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The 3 Horizons Framework: Future-Proofing Healthcare with the Right Innovations

As we plan for the future of healthcare, it’s important to focus on the sustainability and future viability of the system rather than just patching up existing issues with short-term solutions.

The 3 Horizon Framework by McKinsey presents a useful model. It helps us think and plan for the long-term rather than being stuck in the present, missing opportunities, or not spotting risks and decisions that will not stand the test of time.

What is the 3 Horizons Framework?

future of healthcare with the 3 horizons framework

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Horizon 1 (H1) represents the current state of our healthcare system. It is a system that is not built for the future and is losing its fit-for-purpose. Which is why we need to think about H3.

H3 is the horizon that represents the desired future. It is what we want our healthcare system to look like. H2 is the gateway to that better future. 

H2 sits between the present and the aspirational future. It represents disruptive innovations that can facilitate the transition to H3. However, as shown in the graph above, this horizon can be further subclassified: H2+ and H2-. The H2+ innovations help us reach H3, but H2- solutions return us to H1, which is not where we should be. 

Where are we now?

H1 is a system that is not maintainable. 

It is reactive and too heavily depends on urgent care. It is a system that, while functional now, isn't built to support future needs. Its decline is bound to happen because it is inherently flawed and functionally unfit for purpose, and it will also decline because of the eventual rise of better ways of accomplishing said purpose.

We are currently progressing towards H3, with more H2 innovations being rolled out. But it's important to remember that there are innovations that can form the base for H3, and those that merely resolve current problems without guaranteeing their long-term sustainability—H2+ and H2- innovations, respectively.

What type of innovation do we need?

So not all innovations are created equal.

An H2- innovation simply solves a problem that is happening now, but not in a sustainable manner—it isn’t built to last.

A good example of such technologies are legacy monolithic electronic health records (EHRs). Despite their age, their roll-out across healthcare systems continues at pace. They are expensive to implement, maintain, and configure due to their long development cycles and complexity. Interoperability projects fail to be realised due to spiralling development charges. The net result is that providers become locked into static or slowly adapting infrastructure that drains organisational budgets and mindshare. Eventually, this drag impacts innovation and slows progress towards H3.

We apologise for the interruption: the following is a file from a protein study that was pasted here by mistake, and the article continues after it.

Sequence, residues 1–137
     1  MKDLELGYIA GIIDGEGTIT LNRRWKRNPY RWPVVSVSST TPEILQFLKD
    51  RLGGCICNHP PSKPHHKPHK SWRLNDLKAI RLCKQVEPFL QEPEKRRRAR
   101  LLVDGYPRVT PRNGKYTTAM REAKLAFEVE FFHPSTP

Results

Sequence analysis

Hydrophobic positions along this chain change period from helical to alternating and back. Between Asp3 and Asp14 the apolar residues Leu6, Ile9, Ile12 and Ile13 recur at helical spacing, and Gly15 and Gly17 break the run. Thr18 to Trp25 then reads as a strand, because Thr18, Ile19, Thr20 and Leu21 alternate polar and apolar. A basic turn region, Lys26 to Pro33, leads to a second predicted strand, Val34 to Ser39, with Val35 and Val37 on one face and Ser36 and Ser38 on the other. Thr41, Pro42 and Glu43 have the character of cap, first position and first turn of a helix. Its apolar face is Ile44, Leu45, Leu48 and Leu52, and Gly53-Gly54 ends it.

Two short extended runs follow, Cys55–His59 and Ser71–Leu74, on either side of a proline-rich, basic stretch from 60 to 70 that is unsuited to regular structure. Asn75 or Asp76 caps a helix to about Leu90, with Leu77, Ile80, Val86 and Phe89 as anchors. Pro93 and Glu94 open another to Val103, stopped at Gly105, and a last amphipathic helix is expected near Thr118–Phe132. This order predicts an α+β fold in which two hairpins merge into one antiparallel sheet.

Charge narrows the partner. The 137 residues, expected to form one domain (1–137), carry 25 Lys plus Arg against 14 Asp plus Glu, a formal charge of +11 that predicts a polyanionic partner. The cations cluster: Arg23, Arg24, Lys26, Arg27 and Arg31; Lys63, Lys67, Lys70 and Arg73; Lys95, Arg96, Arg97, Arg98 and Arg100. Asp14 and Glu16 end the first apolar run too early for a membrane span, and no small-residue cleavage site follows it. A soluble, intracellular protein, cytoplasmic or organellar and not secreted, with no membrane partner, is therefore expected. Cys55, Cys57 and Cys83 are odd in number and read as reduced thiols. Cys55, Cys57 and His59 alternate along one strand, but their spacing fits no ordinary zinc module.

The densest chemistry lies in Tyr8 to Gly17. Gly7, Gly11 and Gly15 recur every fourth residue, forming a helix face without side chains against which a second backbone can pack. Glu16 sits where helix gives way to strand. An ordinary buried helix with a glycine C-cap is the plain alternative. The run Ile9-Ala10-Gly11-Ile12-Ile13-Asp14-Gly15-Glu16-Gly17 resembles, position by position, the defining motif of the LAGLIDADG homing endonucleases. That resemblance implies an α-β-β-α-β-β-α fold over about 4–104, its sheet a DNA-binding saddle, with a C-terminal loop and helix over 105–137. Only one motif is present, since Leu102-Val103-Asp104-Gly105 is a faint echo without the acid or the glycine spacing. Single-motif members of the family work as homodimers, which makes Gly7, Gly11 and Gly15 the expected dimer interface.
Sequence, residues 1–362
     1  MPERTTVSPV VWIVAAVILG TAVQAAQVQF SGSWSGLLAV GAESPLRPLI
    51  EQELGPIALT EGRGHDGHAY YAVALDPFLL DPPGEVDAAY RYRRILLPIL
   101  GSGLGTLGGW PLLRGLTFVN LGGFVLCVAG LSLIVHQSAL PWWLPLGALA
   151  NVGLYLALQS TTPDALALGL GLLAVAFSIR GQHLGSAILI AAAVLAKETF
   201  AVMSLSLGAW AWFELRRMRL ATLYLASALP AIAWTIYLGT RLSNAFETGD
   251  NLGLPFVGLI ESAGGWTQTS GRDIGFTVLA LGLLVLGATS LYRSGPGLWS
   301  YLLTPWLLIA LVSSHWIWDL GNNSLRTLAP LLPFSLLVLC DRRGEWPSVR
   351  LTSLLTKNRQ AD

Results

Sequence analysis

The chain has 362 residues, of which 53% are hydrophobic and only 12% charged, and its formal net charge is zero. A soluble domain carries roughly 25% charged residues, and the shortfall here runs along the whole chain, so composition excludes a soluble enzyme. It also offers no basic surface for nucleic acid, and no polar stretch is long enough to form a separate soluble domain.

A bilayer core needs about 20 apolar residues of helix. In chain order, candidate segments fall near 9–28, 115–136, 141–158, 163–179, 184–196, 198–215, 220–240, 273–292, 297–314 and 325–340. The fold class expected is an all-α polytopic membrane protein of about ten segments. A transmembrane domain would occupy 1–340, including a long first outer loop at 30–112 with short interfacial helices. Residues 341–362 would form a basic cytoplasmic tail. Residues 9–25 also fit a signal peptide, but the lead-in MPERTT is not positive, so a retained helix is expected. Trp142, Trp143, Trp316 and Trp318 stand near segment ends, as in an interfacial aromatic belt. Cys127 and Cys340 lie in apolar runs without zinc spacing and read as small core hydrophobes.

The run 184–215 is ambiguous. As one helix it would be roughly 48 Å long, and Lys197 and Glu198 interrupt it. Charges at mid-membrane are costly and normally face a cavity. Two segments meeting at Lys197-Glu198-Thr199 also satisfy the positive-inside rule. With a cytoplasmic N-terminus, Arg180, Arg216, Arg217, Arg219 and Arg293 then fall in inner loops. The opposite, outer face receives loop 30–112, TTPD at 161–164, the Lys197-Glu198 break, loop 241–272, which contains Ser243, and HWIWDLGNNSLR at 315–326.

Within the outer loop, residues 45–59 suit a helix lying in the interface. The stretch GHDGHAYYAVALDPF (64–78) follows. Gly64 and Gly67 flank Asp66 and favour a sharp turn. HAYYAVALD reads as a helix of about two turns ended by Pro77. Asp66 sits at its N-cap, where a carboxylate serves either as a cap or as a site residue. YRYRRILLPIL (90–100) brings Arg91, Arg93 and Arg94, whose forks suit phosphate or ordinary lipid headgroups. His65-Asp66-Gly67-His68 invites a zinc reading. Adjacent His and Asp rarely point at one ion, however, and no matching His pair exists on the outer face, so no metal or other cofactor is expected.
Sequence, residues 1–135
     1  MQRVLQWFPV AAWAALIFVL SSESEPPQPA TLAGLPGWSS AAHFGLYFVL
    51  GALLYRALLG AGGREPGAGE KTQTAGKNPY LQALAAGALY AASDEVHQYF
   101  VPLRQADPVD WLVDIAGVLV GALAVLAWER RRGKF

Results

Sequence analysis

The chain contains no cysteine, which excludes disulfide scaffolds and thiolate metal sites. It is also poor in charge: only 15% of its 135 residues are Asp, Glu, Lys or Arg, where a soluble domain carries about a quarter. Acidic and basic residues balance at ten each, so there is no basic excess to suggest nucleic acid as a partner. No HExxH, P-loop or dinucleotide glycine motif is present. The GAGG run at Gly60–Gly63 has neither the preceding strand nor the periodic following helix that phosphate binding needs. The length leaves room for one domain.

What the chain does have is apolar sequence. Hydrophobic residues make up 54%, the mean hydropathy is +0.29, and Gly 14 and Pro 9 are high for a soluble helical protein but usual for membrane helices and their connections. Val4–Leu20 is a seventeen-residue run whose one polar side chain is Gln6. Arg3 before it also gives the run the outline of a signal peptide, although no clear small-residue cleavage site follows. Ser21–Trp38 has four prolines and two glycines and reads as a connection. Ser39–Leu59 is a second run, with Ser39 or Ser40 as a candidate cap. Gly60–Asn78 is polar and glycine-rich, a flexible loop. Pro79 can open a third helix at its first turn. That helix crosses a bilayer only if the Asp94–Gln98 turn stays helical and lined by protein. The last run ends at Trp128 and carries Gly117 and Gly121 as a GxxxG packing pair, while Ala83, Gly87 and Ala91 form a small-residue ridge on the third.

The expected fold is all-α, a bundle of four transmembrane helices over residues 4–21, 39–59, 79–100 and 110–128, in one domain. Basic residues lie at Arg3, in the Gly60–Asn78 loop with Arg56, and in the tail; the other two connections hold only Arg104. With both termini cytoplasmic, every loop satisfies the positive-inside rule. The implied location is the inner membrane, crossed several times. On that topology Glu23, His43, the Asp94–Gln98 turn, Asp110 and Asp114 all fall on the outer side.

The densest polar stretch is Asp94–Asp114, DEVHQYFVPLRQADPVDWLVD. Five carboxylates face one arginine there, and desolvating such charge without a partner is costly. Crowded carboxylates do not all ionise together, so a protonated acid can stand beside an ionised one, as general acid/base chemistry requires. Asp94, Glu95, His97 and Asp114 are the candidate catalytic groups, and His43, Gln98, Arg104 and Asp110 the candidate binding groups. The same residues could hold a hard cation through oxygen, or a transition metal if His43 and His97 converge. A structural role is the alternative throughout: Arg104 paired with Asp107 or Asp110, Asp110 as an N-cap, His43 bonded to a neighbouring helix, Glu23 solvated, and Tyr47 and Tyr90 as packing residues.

In contrast, H2+ innovations help deal with current problems while also providing for the future and actually helping to change ways of working to move away from the status quo. 

For example, highly configurable cloud-native modular clinical systems that align with current and future state care pathways and delivery models. High adaptability and a low latency of change allow the technology to move with the organisation as it grows and care pathways evolve. Improved user experience can help drive improved data quality, which sets the foundations for the next horizon, including for technologies like AI, where data quality will become an increasingly key component. 

Essentially, H2+ innovations provide foundations to build upon—foundations that are future-proof and robust so healthcare can usher in a sustainable H3 future.

Building a foundation first

There is still one consideration that needs to be remembered but is often overlooked.

And that is the tendency to leap directly to H3 without adequately addressing the right foundational innovations. 

You cannot jump over several layers of technology and innovations that are significantly further along the H3 path without first establishing the groundwork for the future. You should be wary of implementing AI trained on substandard, incomplete data sets captured via monolithic EHRs. The clinical literature is littered with research papers highlighting the poor results and clinical impact of such implementations, with sepsis alerts being one of the most high profile examples.

In a resource constrained environment, which is the reality most healthcare systems are facing, it is important that investments are made correctly. Leaders should recognise that the need for consistent investment in building strong foundations is the most reliable way to achieve success than gambling for a ‘home run’ H3 win. 

Consciously navigating towards H3

So the 3 Horizons Framework helps us understand what is failing in H1 and why, what we want H3 to look like, and the H2 innovations that will get us there.

But what is increasingly important to keep in mind is the difference between H2+ and H2- innovations. We need to think critically about the future and implement innovations that can help us reach H3, not those that keep us stuck in H1.


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